Despite some twee familiarity at the start, this story about a tough, committed businesswoman becomes a story about youth and second chances
M, 95 minutes
Review by © Jane Freebury
Another year, another rose show, and still no recognition for the quality of her blooms. Is it because the rose breeder is a bit of a stick in the mud, a traditionalist who keeps entering a similar type of flower in every show? Or is it that she needs to show a bit more marketing flair, and name her flowers after celebrities like Sophie Marceau or Beyoncé?
Eve Vernet (Catherine Frot) has been managing her late father’s extensive nursery for 15 years but the business is losing its edge. What to do, she wonders, sitting up late puffing on her pipe. As a stubborn perfectionist who resists succumbing to new trends, Eve is steadily losing business and on the way to bankruptcy, and she cannot bear to sell.
It’s a serious question for French farmers who still do things the traditional way. The director, Pierre Pinaud, and his four collaborating screenwriters on The Rose Maker (original title La Fine Fleur) have created a sharp, amusing comedy set in the country’s vast agricultural sector that will resonate everywhere.
Eve’s farm is in danger of being swallowed up by a giant corporate, a major industrial-scale rose breeding business in the nearby area. The owner, Lamarzelle (Vincent Dedienne), the suitably unctuous villain of the piece, is trying hard to buy Eve out. Every chance he gets, he tells her she should sell the family rose farm and work with him. She would definitely rather not sell her business and its valuable reputation to an opportunist only interested in making money.
New help with a long criminal record and unspecified other crimes the authorities have yet to catch up with
One day, the local social worker deposits a trio of unlikely helpers at Eve’s door. There’s young Fred (Manel Foulgoc), with a lion and rose sleeve tattoo and a long criminal record that includes robbery with violence and unspecified other crimes that the authorities have yet to catch up with.
Amiable, 50-year-old Samir (Fatsa Bouyahmed) looks like he’s had a hard time of it, and Nadege (Marie Petiot) is a nervy girl who says little and no one wishes to upset. They are each in training for a return-to-work program, and their labour will be free.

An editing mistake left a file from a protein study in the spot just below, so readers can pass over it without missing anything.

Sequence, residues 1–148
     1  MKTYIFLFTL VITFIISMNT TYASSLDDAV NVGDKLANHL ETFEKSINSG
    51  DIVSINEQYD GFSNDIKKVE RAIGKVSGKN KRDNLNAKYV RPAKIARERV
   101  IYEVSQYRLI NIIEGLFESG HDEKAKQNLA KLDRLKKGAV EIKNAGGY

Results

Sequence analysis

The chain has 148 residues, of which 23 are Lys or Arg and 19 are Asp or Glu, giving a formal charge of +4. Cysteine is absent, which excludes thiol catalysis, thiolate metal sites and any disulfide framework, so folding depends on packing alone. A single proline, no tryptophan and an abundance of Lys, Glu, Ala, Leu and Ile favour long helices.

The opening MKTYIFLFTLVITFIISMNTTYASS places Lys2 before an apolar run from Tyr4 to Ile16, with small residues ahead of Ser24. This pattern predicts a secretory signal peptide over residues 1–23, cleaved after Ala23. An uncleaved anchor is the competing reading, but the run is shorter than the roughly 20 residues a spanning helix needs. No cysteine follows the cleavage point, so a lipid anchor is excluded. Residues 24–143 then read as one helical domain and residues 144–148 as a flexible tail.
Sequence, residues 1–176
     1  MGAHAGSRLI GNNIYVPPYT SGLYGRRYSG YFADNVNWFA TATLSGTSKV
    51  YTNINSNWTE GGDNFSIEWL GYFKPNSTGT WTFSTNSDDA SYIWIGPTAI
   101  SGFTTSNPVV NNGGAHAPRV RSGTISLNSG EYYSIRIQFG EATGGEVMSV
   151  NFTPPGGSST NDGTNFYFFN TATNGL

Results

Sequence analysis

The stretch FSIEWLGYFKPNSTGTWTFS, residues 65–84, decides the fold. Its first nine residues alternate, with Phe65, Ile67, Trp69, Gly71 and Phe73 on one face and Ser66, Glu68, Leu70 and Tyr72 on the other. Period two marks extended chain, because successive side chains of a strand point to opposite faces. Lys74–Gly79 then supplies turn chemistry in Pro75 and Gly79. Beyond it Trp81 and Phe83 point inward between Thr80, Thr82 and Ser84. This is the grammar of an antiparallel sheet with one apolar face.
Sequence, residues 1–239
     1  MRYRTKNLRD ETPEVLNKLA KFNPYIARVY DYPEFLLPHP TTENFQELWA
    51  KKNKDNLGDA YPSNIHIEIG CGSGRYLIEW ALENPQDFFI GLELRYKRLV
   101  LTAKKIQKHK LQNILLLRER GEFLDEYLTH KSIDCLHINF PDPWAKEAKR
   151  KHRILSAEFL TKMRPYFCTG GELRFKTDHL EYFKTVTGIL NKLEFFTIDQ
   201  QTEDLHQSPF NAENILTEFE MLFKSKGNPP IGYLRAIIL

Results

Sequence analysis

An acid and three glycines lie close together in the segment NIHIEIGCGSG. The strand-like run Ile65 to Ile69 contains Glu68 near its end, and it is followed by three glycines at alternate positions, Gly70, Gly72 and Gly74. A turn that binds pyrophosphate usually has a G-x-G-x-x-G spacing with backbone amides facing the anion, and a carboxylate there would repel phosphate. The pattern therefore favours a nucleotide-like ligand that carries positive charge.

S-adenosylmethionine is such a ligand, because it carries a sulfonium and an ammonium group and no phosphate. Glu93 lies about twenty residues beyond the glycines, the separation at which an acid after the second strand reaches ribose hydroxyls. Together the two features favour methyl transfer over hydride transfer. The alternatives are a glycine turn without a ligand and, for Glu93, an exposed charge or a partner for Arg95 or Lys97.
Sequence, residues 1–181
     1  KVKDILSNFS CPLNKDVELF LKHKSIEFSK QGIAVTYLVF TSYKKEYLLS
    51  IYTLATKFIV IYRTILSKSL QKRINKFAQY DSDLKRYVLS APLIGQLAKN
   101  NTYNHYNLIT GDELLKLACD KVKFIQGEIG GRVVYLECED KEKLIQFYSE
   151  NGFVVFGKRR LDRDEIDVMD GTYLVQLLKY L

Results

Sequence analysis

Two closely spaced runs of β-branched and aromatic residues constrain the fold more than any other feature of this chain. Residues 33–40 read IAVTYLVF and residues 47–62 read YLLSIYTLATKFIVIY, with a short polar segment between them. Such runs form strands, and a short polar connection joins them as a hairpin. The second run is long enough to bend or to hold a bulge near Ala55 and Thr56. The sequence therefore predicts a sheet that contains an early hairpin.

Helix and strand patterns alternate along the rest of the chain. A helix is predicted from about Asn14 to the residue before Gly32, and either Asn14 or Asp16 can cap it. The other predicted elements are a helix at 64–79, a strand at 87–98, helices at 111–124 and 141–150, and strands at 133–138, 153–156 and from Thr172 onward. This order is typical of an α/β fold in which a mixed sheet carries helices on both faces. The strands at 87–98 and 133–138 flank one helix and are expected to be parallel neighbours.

With help from untrained helpers such as these and a well-meaning but inept office manager, Vera (Olivia Cote), you might think that the demise of Eve’s business was sealed. Yet, Eve is in luck. Her new workforce has hidden talents. Samir remembers some of his high-school genetics, Fred has extensive experience picking locks plus other hidden talents, and all three show willing.
Suddenly inspired, Eve has plans to hybridise a new creation, but she will need access to a rare plant. It’s Lamarzelle, wouldn’t you know it, who has one of this rare breed and keeps it locked away, refusing to allow others in the business to take cuttings. Eve, in a surprising display, decides to rob fortress Lamarzelle of this prized plant. With Fred’s remarkable know-how, a bit of sangfroid and a lot of luck, team Vernet manages to carry it off.
The ruthless side to Eve’s sweet and eccentric exterior appears again when she threatens to report her trio of helpers if they dob her in, but they all move on from the stand-off. It’s an interesting moment.
The Rose Maker begins as Eve’s story but segues into the rehabilitation of Fred, a troubled city boy. He is played by Melan Omerta (screen name of Manel Foulgoc) who is actually a well-known rapper from Toulouse with a band.
This performance background may explain the confidence and charisma that Foulgoc shows on screen, in an engaging, understated and nuanced performance. The confidence sits well with his role and with his character’s backstory as a street kid who was rejected by his parents and consequently turned to petty crime.
French cinema often seems to acknowledge the importance of the country’s rural traditions and the pressures on traditional farming. In some respects, the film’s themes are in similar territory to those covered by the recent, powerful Guillaume Canet film, In the Name of the Land.
At the start of The Rose Maker, we may feel a trifle underwhelmed by a certain twee familiarity. However, while Catherine Frot’s character remains intriguing throughout, she steps back to allow Foulgoc’s story to take over, that of the angry, damaged city boy on a journey of self-discovery.